Enlightened Tree 2

The tree after the blackbird flew away.

I do not know which to prefer,

The beauty of inflections

Or the beauty of innuendoes,

The blackbird whistling

Or just after.

from “13 Ways of Looking at a Blackbird” by Wallace Stevens

A week ago, I woke from a long stretch of lucid dreaming, in which I consciously entered one dream after another. Finally, a couple of hours later, I woke from the dreams and into a beautiful spring Sunday morning. I threw on a pair of jeans, a sweatshirt and sneakers, and headed outside for a walk in the meadows.

It was a magnificent day. The air was dry, the light crystalline. There were no other people around at 8 a.m., so I was left alone to marvel at the delicate buds on the trees, the green of the mountains just beyond the river, and the new grass covering the fields. The whole world, it seemed, was newly awake.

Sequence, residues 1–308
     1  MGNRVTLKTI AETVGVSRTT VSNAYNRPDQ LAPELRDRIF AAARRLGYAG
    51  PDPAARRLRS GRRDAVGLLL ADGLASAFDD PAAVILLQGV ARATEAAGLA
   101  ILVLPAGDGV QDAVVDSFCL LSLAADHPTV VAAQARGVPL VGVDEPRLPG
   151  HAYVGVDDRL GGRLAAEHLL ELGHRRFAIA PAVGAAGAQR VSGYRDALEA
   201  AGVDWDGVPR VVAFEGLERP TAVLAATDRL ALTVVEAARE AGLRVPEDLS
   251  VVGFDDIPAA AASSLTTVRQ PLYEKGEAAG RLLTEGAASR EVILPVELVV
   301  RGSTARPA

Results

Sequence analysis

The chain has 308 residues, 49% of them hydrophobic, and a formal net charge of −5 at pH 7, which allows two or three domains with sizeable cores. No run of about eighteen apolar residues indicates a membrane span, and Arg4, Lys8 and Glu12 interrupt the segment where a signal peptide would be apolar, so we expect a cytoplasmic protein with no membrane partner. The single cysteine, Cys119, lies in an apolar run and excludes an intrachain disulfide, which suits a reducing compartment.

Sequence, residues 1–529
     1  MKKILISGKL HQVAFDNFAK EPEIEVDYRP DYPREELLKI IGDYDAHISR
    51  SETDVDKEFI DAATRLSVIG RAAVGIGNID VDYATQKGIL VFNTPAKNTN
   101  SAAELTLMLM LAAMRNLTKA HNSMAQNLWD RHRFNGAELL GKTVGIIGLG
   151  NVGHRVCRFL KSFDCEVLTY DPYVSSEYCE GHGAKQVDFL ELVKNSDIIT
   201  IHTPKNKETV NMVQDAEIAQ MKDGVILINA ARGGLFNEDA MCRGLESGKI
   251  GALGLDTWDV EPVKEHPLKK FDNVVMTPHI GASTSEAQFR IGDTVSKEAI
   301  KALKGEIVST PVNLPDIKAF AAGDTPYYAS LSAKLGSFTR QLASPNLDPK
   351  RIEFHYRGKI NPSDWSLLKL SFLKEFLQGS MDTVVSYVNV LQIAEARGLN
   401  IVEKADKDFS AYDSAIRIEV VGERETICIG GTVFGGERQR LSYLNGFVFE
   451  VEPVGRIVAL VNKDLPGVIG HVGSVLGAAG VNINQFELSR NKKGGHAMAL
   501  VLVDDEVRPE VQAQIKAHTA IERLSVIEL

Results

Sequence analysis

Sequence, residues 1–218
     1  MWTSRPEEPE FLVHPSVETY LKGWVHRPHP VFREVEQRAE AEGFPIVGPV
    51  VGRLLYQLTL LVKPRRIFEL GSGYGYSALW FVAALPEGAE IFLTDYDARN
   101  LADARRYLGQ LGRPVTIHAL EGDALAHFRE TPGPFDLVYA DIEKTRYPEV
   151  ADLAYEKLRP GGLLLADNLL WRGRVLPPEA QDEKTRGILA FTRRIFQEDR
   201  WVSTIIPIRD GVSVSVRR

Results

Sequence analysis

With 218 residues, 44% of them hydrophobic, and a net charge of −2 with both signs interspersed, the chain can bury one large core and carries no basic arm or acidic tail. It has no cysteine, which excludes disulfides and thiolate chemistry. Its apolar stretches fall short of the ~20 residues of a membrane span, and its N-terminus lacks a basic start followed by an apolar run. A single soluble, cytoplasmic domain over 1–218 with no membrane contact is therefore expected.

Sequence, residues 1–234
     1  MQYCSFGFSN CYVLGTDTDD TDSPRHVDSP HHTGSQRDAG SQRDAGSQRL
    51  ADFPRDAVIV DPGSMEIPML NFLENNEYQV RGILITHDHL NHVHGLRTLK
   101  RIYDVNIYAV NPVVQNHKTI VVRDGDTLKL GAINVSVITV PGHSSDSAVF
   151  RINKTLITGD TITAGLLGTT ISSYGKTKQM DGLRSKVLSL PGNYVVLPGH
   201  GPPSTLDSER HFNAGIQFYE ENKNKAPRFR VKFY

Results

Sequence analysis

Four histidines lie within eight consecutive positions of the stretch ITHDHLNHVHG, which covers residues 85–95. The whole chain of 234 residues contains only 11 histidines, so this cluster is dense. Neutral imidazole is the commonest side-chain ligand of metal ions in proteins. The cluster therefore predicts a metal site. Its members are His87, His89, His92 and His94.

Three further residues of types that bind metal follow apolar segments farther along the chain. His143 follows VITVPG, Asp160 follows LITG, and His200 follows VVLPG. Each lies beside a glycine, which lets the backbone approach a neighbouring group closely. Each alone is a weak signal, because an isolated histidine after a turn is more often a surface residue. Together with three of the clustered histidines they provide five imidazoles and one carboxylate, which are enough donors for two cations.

Then, stepping off the walking path onto the dirt road, I came upon a line of trees, and sitting about three-quarters of the way up in the branches of one, sat a red-winged blackbird. I tilted my head to look at it, just as the bird cocked its head to look at me. Suddenly I felt as if I’d stepped back inside my lucid dreams: the light intensified, and the air seemed to charge itself with a stronger current of aliveness. As if in a dream, the bird seemed to be conscious of me, as I was of it. The branches of the tree, the buds, the air, and the  hard-packed dirt of the road beneath my feet — all seemed to be  vibrant, connected, awake, aware, and alive.And then, the bird flew away, the magic receded, and the ordinary miracle of a spring morning returned.The memory of the ecstatic beauty was almost as good as having been inside of it.  I knew that though this waking lucid dream was over, it would always be there, just behind my ordinary experience of the world.

Enlightened Tree


To learn more about lucid dreaming, or dreaming in general, visit Third House Moon.


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